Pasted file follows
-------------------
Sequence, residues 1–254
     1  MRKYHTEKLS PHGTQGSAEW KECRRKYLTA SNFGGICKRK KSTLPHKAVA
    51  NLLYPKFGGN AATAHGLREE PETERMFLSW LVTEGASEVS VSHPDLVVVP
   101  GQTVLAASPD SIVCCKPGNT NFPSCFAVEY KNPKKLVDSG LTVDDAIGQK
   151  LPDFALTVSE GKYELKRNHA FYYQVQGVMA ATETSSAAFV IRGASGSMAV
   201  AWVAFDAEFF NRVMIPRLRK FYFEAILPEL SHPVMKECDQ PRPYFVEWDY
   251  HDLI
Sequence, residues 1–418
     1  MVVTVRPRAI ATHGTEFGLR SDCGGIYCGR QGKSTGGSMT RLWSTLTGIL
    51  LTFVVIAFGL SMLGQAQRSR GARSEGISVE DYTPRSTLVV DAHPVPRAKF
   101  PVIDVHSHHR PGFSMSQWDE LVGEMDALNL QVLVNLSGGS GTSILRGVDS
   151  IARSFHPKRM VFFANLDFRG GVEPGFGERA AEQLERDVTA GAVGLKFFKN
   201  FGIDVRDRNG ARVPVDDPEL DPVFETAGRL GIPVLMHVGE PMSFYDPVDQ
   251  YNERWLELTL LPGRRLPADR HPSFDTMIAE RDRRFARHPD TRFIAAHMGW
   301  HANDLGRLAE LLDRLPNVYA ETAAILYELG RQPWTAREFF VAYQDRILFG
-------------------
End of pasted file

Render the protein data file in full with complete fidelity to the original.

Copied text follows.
Sequence, residues 1–254
     1  MRKYHTEKLS PHGTQGSAEW KECRRKYLTA SNFGGICKRK KSTLPHKAVA
    51  NLLYPKFGGN AATAHGLREE PETERMFLSW LVTEGASEVS VSHPDLVVVP
   101  GQTVLAASPD SIVCCKPGNT NFPSCFAVEY KNPKKLVDSG LTVDDAIGQK
   151  LPDFALTVSE GKYELKRNHA FYYQVQGVMA ATETSSAAFV IRGASGSMAV
   201  AWVAFDAEFF NRVMIPRLRK FYFEAILPEL SHPVMKECDQ PRPYFVEWDY
   251  HDLI
Sequence, residues 1–418
     1  MVVTVRPRAI ATHGTEFGLR SDCGGIYCGR QGKSTGGSMT RLWSTLTGIL
    51  LTFVVIAFGL SMLGQAQRSR GARSEGISVE DYTPRSTLVV DAHPVPRAKF
   101  PVIDVHSHHR PGFSMSQWDE LVGEMDALNL QVLVNLSGGS GTSILRGVDS
   151  IARSFHPKRM VFFANLDFRG GVEPGFGERA AEQLERDVTA GAVGLKFFKN
   201  FGIDVRDRNG ARVPVDDPEL DPVFETAGRL GIPVLMHVGE PMSFYDPVDQ
   251  YNERWLELTL LPGRRLPADR HPSFDTMIAE RDRRFARHPD TRFIAAHMGW
   301  HANDLGRLAE LLDRLPNVYA ETAAILYELG RQPWTAREFF VAYQDRILFG